MIND WRITING SLOGANS
DEFINITIONS, A PREFACE
Chögyam Trungpa remarked, "Writing is writing the mind," thus the title. Ground, Path, and Fruition are common stages of Tibetan style dharma teaching, often condensed into slogans for mind-training traditioned in Eastern thought.
Here, Ground means the situation of mind: we're all amateurs at reading our own minds, but that's all we have to work with, mutability of consciousness, appearance of chaos, our own confusion, inconsistency, awareness, humors & mental information.
Path: How to use, order & select aspects of mind, how accept & work with ordinary mind? We can only write what we know & teach same, what tricks & techniques of focus are practicable?
Fruition: What to expect, what to aim for, what result? Candor: to reveal ourselves to ourselves, reveal ourselves to others, resolve anxiety of confusion & relieve our own & others' sufferings.
Two decades' experiences teaching poetics at Naropa Institute, half decade at Brooklyn College, and occasional workshops at Zen Center & Shambhala/Dharmadhatu weekends have been boiled down to brief mottoes from many sources found useful to guide myself and others in the experience of "writing the mind." Allen Ginsberg, 2/19/94 (Courtesy Allen Ginsberg Trust)
"First Thought is Best in Art, Second in Other Matters."
— William Blake
I Background (Situation, Or Primary Perception)
"First Thought, Best Thought" — Chogyam Trungpa, Rinpoche
"Take a friendly attitude toward your thoughts." — Chogyam Trungpa, Rinpoche
"The Mind must be loose." — John Adams
"One perception must immediately and directly lead to a further perception." — Charles Olson, "Projective Verse"
"My writing is a picture of the mind moving." — Philip Whalen
Surprise Mind — Allen Ginsberg
"The old pond, a frog jumps in, Kerplunk!" — Basho
"Magic is the total delight (appreciation) of chance." — Chogyam Trungpa, Rinpoche
"Do I contradict myself? Very well, then I contradict myself. I am large. I contain multitudes." –– Walt Whitman
"...What quality went to form a man of achievement, especially in literature? ... Negative capability, that is, when a man is capable of being in uncertainties, mysteries, doubts, without any irritable reaching after fact & reason." — John Keats
"Form is never more than an extension ofcontent. — Robert Creeley to Charles Olson
"Form follows function." — Frank Lloyd Wright*
Ordinary Mind includes eternal perceptions. — A. G.
"Nothing is better for being Eternal
Nor so white as the white that dies of a day." — Louis Zukofsky
Notice what you notice. — A. G.
Catch yourself thinking. — A. G.
Observe what’s vivid. — A. G.
Vividness is self-selecting. — A. G.
"Spots of Time" — William Wordsworth
If we don’t show anyone we’re free to write anything. –– A. G.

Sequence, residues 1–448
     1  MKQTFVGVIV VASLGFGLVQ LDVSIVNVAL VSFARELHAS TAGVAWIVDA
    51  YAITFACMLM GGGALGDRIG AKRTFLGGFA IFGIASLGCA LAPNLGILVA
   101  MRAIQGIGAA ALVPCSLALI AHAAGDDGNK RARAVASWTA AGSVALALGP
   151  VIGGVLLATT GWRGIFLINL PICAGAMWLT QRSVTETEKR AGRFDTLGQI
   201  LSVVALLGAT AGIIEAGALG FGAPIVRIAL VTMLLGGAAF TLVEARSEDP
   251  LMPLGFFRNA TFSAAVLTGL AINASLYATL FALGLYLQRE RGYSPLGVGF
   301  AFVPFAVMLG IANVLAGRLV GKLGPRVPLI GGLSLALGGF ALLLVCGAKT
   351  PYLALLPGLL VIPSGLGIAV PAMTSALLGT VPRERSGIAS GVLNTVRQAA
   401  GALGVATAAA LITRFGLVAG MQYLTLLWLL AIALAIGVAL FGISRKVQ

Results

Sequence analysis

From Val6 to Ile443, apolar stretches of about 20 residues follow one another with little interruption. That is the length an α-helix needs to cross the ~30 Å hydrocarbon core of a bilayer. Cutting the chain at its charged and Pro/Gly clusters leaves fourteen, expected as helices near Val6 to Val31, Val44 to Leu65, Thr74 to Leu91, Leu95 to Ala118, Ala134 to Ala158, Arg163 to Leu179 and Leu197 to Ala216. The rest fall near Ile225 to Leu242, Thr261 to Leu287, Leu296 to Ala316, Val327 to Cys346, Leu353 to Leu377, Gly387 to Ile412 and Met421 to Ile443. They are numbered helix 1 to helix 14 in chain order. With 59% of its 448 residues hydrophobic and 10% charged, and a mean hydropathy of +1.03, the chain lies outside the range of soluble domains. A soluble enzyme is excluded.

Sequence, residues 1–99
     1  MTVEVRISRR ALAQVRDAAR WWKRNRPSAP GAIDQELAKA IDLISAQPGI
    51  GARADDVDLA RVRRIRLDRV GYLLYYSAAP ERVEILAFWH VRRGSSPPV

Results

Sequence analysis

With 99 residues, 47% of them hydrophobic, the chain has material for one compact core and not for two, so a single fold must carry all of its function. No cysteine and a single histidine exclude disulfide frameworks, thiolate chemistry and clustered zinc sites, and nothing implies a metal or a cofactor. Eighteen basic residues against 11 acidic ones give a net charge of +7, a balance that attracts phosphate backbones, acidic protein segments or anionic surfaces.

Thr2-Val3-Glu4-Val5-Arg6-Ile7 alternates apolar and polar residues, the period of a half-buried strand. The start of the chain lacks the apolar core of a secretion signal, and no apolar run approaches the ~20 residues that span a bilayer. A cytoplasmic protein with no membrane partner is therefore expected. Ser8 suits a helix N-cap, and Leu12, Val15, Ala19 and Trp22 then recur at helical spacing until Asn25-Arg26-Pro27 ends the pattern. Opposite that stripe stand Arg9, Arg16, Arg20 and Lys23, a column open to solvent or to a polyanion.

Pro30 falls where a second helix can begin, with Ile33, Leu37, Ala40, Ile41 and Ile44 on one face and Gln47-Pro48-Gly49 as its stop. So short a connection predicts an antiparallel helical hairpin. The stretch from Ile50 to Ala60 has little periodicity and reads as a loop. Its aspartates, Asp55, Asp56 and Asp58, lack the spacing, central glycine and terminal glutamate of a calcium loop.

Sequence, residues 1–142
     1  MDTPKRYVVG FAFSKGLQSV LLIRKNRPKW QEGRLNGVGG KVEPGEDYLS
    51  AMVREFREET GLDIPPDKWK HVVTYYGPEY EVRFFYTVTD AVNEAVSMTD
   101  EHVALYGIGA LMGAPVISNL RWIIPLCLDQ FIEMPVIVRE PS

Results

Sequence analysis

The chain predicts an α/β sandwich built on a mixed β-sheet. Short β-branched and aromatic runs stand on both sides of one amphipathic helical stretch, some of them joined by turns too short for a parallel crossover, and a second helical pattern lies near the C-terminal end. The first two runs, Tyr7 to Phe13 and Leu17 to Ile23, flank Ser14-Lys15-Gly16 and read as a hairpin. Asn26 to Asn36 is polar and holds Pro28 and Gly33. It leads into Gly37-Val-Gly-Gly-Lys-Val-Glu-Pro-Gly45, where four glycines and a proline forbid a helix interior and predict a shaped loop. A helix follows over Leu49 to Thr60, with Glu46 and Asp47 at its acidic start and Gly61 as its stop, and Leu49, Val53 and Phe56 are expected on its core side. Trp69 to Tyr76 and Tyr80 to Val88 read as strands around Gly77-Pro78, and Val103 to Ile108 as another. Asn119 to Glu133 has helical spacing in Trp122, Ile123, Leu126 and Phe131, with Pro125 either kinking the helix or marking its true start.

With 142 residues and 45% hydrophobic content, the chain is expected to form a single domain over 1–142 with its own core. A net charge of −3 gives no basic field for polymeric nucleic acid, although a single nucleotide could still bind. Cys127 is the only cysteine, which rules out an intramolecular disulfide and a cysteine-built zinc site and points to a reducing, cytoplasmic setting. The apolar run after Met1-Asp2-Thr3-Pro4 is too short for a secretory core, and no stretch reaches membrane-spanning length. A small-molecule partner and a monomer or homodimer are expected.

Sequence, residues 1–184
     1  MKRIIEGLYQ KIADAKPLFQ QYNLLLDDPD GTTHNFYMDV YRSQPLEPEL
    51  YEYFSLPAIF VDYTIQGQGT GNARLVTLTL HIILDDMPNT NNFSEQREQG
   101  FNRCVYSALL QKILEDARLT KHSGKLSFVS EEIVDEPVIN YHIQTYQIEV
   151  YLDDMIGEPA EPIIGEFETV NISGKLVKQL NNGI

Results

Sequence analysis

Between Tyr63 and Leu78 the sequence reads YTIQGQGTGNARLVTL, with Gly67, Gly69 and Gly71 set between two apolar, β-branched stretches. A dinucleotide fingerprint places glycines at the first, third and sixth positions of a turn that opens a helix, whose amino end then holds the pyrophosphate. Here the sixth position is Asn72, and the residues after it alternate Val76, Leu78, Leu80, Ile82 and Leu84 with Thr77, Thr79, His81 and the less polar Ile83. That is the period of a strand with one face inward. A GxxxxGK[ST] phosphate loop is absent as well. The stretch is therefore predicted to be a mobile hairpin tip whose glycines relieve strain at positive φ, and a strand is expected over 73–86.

"My mind is open to itself." — Gelek Rinpoche
"Each on his bed spoke to himself alone, making no sound." — Charles Reznikoff
II Path (Method, Or Recognition)
"No ideas but in things." "... No ideas but in the Facts." — William Carlos Williams
"Close to the nose." — W. C. Williams
"Sight is where the eye hits." — Louis Zukofsky
"Clamp the mind down on objects." — W C. Williams
"Direct treatment of the thing ... (or object)." — Ezra Pound, 1912
"Presentation, not reference." — Ezra Pound
"Give me a for instance." — Vernacular
"Show not tell." — Vernacular
"The natural object is always the adequate symbol." — Ezra Pound
"Things are symbols of themselves." — Chogyam Trungpa, Rinpoche
"Labor well the minute particulars, take care of the little ones.
He who would do good for another must do it in minute particulars.
General Good is the plea of the Scoundrel Hypocrite and Flatterer
For Art & Science cannot exist but in minutely organized particulars." — William Blake
"And being old she put a skin / on everything she said." — W. B. Yeats
"Don’t think of words when you stop but to see the picture better." — Jack Kerouac
"Details are the Life of Prose." — Jack Kerouac
Intense fragments of spoken idiom best. — A. G.
"Economy of Words" — Ezra Pound
"Tailoring" — Gregory Corso
Maximum information, minimum number of syllables. –– A. G.
Syntax condensed, sound is solid. — A. G.
Savor vowels, appreciate consonants. — A. G.
"Compose in the sequence of musical phrase, not in sequence of a metronome." — Ezra Pound
"... awareness ... of the tone leading of the vowels." — Ezra Pound
"... an attempt to approximate classical quantitative meters . . . — Ezra Pound
"Lower limit speech, upper limit song" — Louis Zukofsky
"Phanopoeia, Melopoeia, Logopoeia." — Ezra Pound
"Sight. Sound & Intellect." — Louis Zukofsky
"Only emotion objectified endures." — Louis Zukofsky
III Fruition (Result, Or Appreciation)
Spiritus = Breathing = Inspiration = Unobstructed Breath
"Alone with the Alone" — Plotinus
Sunyata (Sanskrit) = Ku (Japanese) = Emptiness
"What’s the sound of one hand clapping?" — Zen Koan
"What’s the face you had before you were born?" — Zen Koan
Vipassana (Pali) = Clear Seeing
"Stop the world" — Carlos Castafleda
"The purpose of art is to stop time." — Bob Dylan
"the unspeakable visions of the individual — J. K.
"I am going to try speaking some reckless words, and I want you to try to listen recklessly." — Chuang Tzu (Tr. Burton Watson)